If you've known your bibliophile friend for years, you're already familiar with her habits, but if you've just begun a friendship with a bibliophile, don't be alarmed at her overflowing bookshelf or her ability to quote Shakespeare in any situation. Once you get to know her, a bibliophile could be your new best friend. You might even become a bibliophile yourself.
When you go to the mall, a stop at the bookstore is mandatory. Her impulse buys will include books, books, and more books, hence the name "bibliophile." She'll gush over the classics, quoting her favorite lines. She'll recommend her favorite young adult author to you, and pick up his newest novel. She'll reminisce about the books, plays, and poems she read in a literature class, and talk about F. Scott Fitzgerald, Tennessee Williams, and Emily Dickinson like they're her best friends. She'll tell you stories about her favorite English professor (bonus points if she claimed he or she changed her life.) While her other friends leave the mall with clothes or Bath & Body Works, the bibliophile friend will leave with three paperbacks and a monogram bookmark. Don't be alarmed if she buys a book she already read because she wants a copy of her own. If you read between the lines (See what I did there?) you'll always know what to get her for her birthday. If you can't remember which book is next on her ever growing reading list, you can't go wrong with a gift card or a bookmark with a witty saying.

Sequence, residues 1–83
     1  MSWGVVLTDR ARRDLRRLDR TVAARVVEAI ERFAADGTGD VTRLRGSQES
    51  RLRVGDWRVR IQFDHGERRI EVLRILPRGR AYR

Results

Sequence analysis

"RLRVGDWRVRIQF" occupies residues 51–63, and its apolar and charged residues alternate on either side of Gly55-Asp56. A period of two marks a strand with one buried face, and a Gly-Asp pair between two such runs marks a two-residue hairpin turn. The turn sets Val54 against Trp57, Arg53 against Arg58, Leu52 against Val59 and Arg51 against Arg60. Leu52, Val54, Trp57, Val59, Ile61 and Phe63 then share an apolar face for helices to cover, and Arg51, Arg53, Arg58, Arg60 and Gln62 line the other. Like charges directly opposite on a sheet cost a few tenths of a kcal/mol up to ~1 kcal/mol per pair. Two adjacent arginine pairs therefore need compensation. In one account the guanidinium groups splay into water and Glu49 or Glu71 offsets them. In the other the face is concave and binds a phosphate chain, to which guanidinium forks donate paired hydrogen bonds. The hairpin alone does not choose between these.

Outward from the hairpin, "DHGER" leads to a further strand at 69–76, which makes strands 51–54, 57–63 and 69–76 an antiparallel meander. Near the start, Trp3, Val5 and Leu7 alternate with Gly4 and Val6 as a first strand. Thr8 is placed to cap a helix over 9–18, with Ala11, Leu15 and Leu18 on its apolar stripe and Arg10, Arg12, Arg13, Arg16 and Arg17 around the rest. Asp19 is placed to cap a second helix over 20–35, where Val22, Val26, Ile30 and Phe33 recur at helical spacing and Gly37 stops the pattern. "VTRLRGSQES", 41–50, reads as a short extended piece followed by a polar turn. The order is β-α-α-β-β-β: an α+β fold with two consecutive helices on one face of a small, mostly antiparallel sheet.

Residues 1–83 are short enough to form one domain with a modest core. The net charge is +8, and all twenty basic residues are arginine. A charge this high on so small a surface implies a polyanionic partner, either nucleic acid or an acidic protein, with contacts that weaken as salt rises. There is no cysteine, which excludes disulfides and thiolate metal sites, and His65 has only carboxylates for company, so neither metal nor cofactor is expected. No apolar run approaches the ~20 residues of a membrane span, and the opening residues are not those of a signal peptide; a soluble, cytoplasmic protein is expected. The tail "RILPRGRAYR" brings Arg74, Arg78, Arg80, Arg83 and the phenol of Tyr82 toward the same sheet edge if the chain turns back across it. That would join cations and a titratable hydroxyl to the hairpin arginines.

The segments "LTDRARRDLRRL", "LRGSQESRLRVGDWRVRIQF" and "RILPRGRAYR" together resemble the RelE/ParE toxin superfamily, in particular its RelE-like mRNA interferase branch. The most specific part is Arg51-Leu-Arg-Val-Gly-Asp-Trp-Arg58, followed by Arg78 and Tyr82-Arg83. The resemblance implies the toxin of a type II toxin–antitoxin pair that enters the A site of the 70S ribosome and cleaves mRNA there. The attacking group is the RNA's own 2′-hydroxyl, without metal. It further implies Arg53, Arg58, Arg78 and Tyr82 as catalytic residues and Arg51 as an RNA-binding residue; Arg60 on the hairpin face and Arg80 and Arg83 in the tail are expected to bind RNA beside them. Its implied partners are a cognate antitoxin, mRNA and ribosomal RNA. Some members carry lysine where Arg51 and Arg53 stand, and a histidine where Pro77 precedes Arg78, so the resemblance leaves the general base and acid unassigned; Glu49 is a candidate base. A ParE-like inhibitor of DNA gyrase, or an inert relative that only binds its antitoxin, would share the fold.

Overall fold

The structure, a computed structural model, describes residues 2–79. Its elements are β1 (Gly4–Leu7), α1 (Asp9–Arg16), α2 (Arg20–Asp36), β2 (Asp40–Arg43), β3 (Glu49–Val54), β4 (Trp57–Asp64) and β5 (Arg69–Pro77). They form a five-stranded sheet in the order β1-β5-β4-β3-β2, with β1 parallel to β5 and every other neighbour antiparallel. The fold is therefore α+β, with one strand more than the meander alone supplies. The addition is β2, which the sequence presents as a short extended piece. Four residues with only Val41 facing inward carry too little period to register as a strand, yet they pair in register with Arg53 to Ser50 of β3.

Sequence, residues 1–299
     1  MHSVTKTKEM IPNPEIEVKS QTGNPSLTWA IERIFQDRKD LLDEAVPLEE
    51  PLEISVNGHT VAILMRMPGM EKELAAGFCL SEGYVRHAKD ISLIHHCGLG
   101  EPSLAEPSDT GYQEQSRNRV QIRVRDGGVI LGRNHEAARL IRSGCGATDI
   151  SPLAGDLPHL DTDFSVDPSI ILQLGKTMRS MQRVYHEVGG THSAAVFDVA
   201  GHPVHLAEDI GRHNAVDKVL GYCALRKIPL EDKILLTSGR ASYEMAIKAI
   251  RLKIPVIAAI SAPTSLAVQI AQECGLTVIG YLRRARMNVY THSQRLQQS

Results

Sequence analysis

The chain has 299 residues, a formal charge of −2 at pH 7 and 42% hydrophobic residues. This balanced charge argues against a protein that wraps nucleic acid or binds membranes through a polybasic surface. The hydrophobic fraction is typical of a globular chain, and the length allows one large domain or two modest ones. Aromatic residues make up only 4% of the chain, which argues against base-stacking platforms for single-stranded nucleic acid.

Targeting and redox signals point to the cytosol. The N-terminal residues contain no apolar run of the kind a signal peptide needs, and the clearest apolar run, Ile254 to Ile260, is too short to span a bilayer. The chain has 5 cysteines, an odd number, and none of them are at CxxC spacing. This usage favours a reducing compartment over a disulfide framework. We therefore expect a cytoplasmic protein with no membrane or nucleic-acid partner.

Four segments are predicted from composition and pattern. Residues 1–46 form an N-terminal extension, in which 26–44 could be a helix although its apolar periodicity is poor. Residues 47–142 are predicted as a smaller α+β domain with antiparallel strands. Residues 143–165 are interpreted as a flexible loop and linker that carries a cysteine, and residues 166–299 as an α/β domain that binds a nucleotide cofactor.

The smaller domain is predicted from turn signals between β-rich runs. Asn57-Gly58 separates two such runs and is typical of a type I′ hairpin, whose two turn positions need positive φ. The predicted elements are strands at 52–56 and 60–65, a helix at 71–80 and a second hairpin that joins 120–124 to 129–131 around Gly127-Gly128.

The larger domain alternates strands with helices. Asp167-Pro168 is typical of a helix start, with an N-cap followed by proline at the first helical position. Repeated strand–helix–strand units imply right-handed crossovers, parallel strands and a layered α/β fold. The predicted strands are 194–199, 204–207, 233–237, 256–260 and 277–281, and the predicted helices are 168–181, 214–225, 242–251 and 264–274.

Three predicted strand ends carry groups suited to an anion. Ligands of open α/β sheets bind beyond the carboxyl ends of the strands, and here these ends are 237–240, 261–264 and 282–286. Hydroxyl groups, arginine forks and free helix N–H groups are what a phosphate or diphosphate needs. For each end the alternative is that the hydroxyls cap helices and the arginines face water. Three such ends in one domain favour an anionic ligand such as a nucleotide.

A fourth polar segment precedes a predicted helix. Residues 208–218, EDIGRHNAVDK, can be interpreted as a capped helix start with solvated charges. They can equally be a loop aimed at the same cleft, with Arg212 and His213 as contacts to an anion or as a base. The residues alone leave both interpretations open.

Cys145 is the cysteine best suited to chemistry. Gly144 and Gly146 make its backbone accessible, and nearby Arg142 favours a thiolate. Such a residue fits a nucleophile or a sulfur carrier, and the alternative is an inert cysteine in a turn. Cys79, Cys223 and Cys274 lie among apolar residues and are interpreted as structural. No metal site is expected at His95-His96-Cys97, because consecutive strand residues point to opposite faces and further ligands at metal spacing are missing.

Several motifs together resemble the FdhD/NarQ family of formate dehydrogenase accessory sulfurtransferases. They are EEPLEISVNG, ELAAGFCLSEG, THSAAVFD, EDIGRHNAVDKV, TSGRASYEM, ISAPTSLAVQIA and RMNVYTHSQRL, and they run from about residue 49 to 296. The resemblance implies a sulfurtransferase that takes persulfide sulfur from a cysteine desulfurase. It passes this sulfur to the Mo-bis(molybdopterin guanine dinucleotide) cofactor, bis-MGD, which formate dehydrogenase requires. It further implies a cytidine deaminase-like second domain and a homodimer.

If you take your bibliophile friend to a movie, chances are she's already read the book it's based on. Even though she'll squeal when she sees her favorite part on the big screen and cry when her favorite character dies, she'll go to her grave claiming book was better than the movie. If you aren't a reader yourself, you'll just smile and take her word for it.
You'll wonder how she finds the time to read all those books, but you'll soon find her reading everywhere. She'll always have a novel on her in her spare time, before class, at the coffee shop, on a road trip, and before she falls asleep. She'll quote books even if she knows you won't get the reference because the words are just so beautiful and meaningful. She'll discuss characters as if they're real people. You'll realize just how much an arrangement of twenty-six letters can mean to someone. Even though the worlds and the characters who inhabit them disappear as soon as the book closes, those worlds and those characters mean more to a bibliophile than you can fathom. Most of all, if your bibliophile friend recommends a book to you, she's trying to let you into her world of words. It would mean the world to her if you read it and discussed it with her.
Now that you read everything you need to know about your bibliophile friend, I'll leave you with a word of warning. Proceed with caution when you ask about the novel she's currently reading in case she's mourning the loss of her favorite character.